Haspel was confirmed despite strong opposition over her extensive involvement in the CIA's use of extreme interrogation methods, including waterboarding, following the September 11 attacks. Haspel also played a key role in the destruction of evidence of torture by the CIA.
According to an email obtained by The Intercept, prior to Haspel's confirmation, a US Navy reserve officer reached out to Virginia Sen. Mark Warner to oppose her nomination, stressing that the interrogation methods used on one high-profile prisoner under Haspel's supervision were "unusually cruel and designed to break him."
"I have evaluated Mr. Abdal Rahim al-Nashiri, as well as close to 20 other men who were tortured as part of the CIA's RDI [Rendition, Detention, and Interrogation] program. I am one of the only health professionals he has ever talked to about his torture, its effects, and his ongoing suffering," Dr. Sondra Crosby, a professor of public health at Boston University, wrote to Warner's legislative director on Monday. "He is irreversibly damaged by torture that was unusually cruel and designed to break him. In my over 20 years of experience treating torture victims from around the world, including Syria, Iraq, and the Democratic Republic of Congo, Mr. al-Nashiri presents as one of the most severely traumatized individuals I have ever seen."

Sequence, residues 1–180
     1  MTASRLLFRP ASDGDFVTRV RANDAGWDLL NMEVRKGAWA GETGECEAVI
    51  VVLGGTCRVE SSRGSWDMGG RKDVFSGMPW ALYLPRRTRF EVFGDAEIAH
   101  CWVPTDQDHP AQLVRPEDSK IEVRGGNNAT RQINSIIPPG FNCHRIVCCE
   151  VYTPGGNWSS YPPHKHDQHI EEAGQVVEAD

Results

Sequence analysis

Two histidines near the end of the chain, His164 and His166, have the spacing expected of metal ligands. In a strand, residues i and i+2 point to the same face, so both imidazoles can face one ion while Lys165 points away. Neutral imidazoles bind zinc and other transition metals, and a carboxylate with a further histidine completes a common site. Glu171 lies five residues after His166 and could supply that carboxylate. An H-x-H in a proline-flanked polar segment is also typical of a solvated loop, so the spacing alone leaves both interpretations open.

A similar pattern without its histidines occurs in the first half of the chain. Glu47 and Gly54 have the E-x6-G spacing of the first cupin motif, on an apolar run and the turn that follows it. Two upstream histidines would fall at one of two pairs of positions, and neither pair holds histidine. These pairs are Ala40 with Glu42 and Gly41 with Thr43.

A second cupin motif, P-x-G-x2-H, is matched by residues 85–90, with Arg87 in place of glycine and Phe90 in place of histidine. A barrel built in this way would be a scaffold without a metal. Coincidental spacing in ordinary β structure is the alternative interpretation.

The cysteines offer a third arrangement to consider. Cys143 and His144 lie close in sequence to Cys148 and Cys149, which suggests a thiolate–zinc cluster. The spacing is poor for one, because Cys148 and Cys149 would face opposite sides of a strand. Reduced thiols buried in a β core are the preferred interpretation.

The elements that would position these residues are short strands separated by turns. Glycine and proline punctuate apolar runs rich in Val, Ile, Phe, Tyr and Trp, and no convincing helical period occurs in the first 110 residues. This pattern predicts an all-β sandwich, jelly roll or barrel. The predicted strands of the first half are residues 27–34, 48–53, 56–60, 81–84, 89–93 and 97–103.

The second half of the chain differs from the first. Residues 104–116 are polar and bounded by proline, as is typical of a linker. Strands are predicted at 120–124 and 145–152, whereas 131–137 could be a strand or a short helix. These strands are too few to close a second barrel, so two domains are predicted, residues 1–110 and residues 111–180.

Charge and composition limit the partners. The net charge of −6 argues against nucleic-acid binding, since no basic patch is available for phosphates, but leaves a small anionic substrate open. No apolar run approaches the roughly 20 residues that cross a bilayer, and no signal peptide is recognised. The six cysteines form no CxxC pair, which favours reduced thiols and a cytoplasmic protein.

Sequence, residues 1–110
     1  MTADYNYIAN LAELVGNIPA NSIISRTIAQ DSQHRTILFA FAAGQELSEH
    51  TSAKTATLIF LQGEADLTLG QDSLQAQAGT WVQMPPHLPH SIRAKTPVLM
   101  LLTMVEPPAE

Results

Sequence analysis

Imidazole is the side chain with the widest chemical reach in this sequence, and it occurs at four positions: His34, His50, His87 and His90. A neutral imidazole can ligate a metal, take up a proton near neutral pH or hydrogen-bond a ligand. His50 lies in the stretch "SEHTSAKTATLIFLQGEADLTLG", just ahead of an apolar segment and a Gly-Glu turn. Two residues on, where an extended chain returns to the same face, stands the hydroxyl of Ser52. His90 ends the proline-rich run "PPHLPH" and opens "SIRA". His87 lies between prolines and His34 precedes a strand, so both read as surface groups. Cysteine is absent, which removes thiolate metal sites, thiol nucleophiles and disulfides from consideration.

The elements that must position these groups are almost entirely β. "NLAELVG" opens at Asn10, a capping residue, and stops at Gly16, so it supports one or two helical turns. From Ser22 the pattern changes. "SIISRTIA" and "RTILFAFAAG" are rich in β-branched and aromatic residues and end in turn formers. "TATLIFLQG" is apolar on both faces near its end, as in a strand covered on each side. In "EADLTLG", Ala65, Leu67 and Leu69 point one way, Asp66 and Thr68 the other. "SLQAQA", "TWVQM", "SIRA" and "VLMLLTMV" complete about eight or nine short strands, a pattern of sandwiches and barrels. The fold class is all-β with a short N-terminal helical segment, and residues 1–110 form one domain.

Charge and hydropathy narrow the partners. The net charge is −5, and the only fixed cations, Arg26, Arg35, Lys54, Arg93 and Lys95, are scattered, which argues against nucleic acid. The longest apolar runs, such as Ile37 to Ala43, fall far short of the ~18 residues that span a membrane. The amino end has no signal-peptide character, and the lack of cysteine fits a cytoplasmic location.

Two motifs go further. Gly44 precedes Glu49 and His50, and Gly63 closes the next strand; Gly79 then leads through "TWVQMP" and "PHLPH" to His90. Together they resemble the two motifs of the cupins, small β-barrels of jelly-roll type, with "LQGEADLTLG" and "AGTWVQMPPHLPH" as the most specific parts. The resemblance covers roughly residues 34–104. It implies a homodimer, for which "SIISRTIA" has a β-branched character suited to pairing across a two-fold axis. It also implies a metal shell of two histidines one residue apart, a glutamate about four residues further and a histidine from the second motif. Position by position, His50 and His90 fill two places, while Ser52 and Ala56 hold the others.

Nashiri was detained in Dubai in 2002 and eventually taken to the CIA blacksite in Thailand known as Cat's Eye, which was run by Haspel from October to December 2002, the outlet reported. Nashiri, who is being held at the Guantánamo Bay prison, is suspected of being involved in the bombing of the USS Cole in 2000.
Haspel has since stated that she's changed her ways and that "the enhanced interrogation program is not one the CIA should have undertaken." However, the 61-year-old has not exactly stated that torture tactics, such as waterboarding, were immoral.
Arizona Sen. John McCain, who is currently battling cancer, was not present for the vote. Leading up to the confirmation, McCain called on officials to not vote for Haspel, saying that approving her would send the wrong message.
Haspel, a 33-year veteran with the spy agency, was serving as its acting director before being confirmed. Haspel took over for former CIA Director Mike Pompeo when he become US secretary of state in late April.